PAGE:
Mark Bunting Photography | Getting Started - #2 - Fill the Frame

Getting Started - #2 - Fill the Frame

April 28, 2016  •  Leave a Comment

Inquisitive Cow, near the Offords, Cambridgeshire

(Nikon D750 & 28 to 300 mm f3.5 to 5.6 lens - Lens at 34 mm / 1/500th / f3.8 / ISO 110)

 

Getting Started - #2 -  Fill the Frame

 

The single most important thing about taking a 'good' picture is seeing it with your eye.

 

If you don't see it, you won't take the photograph.

 

If you do see it, you might - just might - be able to photograph it and do it justice.  

 

And if you follow a few guidelines, your pictures will improve dramatically.

 

Fill the Frame - Because Your Brain is much cleverer than your Camera

 

Your eye is a fantastic piece of engineering - and the processor that converts the image in your brain is world-class.  No modern computer comes close. (Yet!)  So you have to be aware of how clever your eye & brain are, compared to your camera.

 

The brain will focus its attention on one part of the picture.  So, on a beach there is a marvellous sand-castle in the distance.  The brain will focus your attention on the sand-castle.

 

In a garden, you look at all the marvellous trees and bushes and your brain focuses on a lovely bush.

 

Uncle Bill & Aunty Mabel are standing some distance away along an empty street.  Your brain will focus on Uncle Bill & Aunty Mabel.

 

But your camera is not so clever.  It does not know what is holding your interest in the scene.

 

And, most of us take the shot which turns out to be:

 

A large expanse of beach with a very small sand-castle in the distance.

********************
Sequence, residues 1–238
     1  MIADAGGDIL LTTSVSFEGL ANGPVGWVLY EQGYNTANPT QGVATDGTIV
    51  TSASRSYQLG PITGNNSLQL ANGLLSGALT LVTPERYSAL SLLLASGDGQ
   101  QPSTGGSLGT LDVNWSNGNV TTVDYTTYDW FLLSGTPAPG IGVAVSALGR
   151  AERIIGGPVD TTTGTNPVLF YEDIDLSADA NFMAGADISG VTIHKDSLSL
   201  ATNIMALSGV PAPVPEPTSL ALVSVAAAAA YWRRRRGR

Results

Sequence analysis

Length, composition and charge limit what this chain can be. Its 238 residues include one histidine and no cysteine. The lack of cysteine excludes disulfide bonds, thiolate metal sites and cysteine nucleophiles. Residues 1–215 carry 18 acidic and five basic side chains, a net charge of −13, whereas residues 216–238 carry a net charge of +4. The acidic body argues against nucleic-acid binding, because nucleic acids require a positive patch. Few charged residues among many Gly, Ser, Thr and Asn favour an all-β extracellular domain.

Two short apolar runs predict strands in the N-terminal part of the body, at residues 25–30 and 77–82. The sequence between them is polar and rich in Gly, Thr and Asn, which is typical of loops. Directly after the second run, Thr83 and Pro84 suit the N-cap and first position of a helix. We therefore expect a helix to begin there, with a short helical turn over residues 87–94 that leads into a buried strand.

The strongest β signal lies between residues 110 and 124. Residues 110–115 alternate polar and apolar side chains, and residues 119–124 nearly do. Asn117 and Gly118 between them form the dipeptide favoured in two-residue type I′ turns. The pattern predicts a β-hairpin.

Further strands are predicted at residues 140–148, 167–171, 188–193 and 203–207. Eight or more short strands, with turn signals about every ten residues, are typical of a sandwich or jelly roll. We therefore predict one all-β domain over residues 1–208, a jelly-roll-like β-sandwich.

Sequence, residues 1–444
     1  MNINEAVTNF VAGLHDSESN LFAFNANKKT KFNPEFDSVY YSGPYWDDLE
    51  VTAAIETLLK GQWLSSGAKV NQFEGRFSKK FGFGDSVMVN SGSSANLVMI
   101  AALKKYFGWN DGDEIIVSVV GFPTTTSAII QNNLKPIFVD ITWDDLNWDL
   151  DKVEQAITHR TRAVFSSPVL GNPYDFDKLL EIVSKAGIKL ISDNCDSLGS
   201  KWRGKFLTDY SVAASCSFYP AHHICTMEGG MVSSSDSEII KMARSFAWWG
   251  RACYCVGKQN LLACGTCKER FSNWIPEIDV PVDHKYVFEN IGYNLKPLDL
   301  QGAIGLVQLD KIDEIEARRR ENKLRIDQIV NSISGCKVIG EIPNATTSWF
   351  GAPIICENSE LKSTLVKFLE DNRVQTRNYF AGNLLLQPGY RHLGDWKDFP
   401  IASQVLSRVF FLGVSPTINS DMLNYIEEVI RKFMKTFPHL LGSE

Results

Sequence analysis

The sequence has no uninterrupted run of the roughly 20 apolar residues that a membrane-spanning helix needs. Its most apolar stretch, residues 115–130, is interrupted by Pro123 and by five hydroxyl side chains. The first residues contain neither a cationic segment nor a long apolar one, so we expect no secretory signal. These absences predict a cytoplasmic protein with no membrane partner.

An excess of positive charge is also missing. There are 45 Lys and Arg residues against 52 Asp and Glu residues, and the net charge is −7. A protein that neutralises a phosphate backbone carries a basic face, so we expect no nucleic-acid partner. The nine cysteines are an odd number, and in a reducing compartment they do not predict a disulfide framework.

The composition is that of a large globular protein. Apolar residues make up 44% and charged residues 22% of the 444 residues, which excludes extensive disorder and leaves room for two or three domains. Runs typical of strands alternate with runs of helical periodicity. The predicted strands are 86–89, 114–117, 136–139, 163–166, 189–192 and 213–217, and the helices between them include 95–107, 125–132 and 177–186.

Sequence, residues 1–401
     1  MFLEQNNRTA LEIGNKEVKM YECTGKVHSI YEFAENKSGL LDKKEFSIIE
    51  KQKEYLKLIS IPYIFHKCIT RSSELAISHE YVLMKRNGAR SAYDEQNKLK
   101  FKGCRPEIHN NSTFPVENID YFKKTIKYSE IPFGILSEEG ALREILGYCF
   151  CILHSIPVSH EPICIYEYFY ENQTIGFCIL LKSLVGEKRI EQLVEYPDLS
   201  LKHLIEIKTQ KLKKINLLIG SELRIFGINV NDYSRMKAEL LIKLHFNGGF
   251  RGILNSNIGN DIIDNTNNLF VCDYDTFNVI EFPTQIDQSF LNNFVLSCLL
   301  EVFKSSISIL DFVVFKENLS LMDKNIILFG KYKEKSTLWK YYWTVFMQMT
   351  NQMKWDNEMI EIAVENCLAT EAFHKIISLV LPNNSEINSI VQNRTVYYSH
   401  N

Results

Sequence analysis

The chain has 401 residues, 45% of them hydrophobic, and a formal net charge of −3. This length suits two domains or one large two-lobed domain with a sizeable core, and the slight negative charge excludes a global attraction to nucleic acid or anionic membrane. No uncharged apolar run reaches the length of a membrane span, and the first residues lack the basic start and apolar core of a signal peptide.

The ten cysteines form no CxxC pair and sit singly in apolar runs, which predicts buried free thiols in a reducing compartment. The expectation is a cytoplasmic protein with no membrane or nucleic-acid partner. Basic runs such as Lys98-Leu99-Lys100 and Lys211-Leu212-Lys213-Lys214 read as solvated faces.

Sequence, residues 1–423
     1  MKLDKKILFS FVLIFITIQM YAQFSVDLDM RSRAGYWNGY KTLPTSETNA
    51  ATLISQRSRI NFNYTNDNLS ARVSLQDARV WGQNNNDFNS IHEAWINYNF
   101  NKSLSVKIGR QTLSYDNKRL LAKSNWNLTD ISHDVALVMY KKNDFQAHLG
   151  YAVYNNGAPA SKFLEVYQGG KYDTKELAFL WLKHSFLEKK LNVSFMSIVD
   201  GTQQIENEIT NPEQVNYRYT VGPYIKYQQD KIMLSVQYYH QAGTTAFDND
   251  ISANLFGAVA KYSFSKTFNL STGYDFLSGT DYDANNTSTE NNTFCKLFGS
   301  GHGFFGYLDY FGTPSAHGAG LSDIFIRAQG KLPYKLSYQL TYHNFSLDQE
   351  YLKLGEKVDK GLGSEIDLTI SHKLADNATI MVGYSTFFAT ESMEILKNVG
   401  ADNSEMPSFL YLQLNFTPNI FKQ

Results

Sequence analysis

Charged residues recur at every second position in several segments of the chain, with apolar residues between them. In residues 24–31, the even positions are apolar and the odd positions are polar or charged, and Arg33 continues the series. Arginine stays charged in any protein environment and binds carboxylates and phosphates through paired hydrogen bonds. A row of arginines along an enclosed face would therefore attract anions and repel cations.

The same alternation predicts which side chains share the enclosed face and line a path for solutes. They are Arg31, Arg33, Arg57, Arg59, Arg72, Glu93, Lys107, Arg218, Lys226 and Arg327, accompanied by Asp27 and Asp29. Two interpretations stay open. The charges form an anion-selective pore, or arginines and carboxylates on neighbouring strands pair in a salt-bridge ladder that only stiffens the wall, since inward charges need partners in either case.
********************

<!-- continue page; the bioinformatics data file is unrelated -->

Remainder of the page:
A garden with a confusing collection of trees and bushes.

 

A mostly empty street with two people in the middle distance.

 

And none of those are the pictures we saw with our brain - nor are they the pictures we wanted.

 

The advice we need to follow is:

 

If your pictures aren't good enough, you aren't close enough - Robert Capa.

 

So, we need to walk up to the sand-castle, get it to fill the viewfinder and then take the snap.

 

(And, to add another degree of complexity, we might even get down low to give us an unusual viewing angle, instead of the 'just another shot taken at head height' - but let's not get too complicated, for the moment concentrate on 'fill the frame'.) 

 

We need to walk up to the particular bush in the garden, get it to fill the viewfinder and then take the snap.

 

We need to walk up to Uncle Bill and Aunty Mabel, ask them politely if we can take their photograph, and then fill the viewfinder with a nice 'head & shoulders' shot of Bill & Mabel.

 

So our feet need to help our camera 'see' like our brain - and we use our feet to get up close to the subject of interest - get it to fill the viewfinder and then take the snap.

 

Of course, as digital 'film' is free you can take 2 or 3 or however many shots, and maybe even move slightly from shot to shot to get a different viewpoint - but the most imporant point is to fill the frame.

 

And I will let you use 'zoom' to get closer and to fill the frame - but only if you can't get any closer using your feet.  Learn to 'zoom' - ie get closer - using your feet.  It is a good technique to master.

 

So, learn to 'fill the frame' and see if you like the result.

 

(And google 'Robert Capa' to learn more about this great photographer.)

 

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